Fighting Games and Integration


Street Fighter and Integration

Now this could sound crazy or mundane to you; however, if you were an average, sheltered white-boy like me, you didn't come in contact with a lot of African-Americans (at least not in the best manners). And, to be honest, I wasn't even that sheltered. At lunch in school, the white kids sat together, and the black kids did the same. I had an occasional black friend (who basically acted white), but the only previous encounters with the opposite race had been fairly negative. I wasn't racist or anything, it just seemed like colored people and whites segregated themselves. It also didn't help that, at the age of six, I was kicked in the crotch by another kid (giving me a hernia that put me into surgery a month later), and when the teacher came to ask what happened, a black kid said ?the white boy did it? (referring to me). 

Then something changed when I got into fighters when I was thirteen. I was at ?Pocket Change? arcade playing Marvel vs Capcom 2. It was an alright little arcade up in the Dayton Mall. While I'm playing gimped teams that would never hold up in a tournament, these two big, black, ghetto-seeming dudes come up and said, in that thick voice, ?You plain' Marvel?? And I practically froze. My first thought was, ?I'm going to get mugged.?

?Y-Yes,? I studdered out, waiting for a threat.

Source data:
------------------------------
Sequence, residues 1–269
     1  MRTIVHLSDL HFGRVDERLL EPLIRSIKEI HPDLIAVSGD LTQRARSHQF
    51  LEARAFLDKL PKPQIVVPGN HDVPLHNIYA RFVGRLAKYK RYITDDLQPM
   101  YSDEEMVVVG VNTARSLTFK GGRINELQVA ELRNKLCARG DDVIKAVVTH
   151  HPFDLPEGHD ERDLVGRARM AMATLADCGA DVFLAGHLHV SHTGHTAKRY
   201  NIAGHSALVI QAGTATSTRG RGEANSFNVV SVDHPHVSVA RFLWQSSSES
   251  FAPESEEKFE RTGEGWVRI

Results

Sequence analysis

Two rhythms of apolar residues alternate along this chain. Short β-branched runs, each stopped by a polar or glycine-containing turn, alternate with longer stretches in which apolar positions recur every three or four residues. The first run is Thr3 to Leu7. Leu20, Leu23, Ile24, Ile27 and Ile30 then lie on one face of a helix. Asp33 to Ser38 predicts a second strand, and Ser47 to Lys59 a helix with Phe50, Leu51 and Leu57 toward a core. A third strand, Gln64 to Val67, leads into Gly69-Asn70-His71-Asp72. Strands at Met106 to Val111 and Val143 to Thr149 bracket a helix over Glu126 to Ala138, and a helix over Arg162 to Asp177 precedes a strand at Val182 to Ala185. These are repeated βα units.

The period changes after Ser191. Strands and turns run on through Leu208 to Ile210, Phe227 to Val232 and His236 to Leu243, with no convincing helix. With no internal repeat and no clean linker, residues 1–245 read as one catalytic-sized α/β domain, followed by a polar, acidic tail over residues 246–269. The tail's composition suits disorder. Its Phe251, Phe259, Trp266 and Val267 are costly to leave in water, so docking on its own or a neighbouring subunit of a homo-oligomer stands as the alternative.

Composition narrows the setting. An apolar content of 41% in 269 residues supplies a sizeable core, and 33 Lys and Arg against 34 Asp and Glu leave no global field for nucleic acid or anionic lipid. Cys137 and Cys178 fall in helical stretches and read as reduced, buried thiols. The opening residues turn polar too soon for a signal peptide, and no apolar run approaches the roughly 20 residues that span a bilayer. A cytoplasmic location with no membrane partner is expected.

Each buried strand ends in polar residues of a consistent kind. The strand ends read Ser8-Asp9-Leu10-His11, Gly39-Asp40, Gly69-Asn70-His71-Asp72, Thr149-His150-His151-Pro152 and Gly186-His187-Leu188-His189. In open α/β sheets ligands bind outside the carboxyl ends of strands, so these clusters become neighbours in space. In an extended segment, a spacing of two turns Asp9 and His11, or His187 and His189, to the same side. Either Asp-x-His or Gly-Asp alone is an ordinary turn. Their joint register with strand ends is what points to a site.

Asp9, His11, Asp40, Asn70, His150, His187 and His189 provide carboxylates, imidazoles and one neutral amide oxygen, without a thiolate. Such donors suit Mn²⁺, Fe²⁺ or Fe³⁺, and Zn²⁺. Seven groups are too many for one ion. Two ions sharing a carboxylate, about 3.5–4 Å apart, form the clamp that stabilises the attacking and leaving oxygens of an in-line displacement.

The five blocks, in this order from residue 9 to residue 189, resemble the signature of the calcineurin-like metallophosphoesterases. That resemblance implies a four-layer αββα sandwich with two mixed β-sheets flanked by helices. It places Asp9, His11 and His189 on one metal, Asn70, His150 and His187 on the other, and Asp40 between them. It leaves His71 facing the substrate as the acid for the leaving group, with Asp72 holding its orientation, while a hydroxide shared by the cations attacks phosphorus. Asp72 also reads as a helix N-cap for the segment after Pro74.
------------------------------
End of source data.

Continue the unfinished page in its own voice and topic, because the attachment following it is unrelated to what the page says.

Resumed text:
?Aw man! I love Marvel! You mind if I play with you!?? one of the guys boomed out and sat down.

We played and had a great time together. After losing, I stood up, the other guy sat down to play, and, afraid to put down my quarter, I left, still confused and nervous, spending the rest of the day walking blindly through the mall trying to make sense of it.

Shortly thereafter, I met a black SNK fan at a gamestop. After talking, he asked me to bring in my controller and play some CvS2. We threw down and had a great time. Again.

Now jump to the growing Street Fighter scene from 2009. When Street Fighter IV came out, I went to my first tournament. I played with many great black players, shook their hands, chatted strategy. It was awesome. 

In present, I go to tournaments and don't even notice the skin color of a person. And, better than that, I see other people having the same fun, whether they're Hispanic, Black, or White. And then I watch Mike Ross and Gootecks be inseparable best friends biasedly announcing for each other during Final Round and other tournaments (hilariously, so, I should note!). And it made me think back to all those videos I watched back in school about integration, and how useless it was. And why? Because it was just text in a textbook. At recess, we were still separated half the time. At lunch, the same. It was just some passive jargon that didn't take away from my rigid nerves from their accents, and sometimes, harsh words. 

Yet, fighting games made me more African-American friends than any attempt by the government or schools has ever achieved. I laugh at those fears I had back in grade school. And you know why? Because when we're throwing down haudokens, popping out shoryukens, chanting out to hype in our community, we're not white or black. 

We're Street Fighters. 
  • Tryken

Any thoughts on your experiences of how the fighting game scene has brought your community together in unique ways?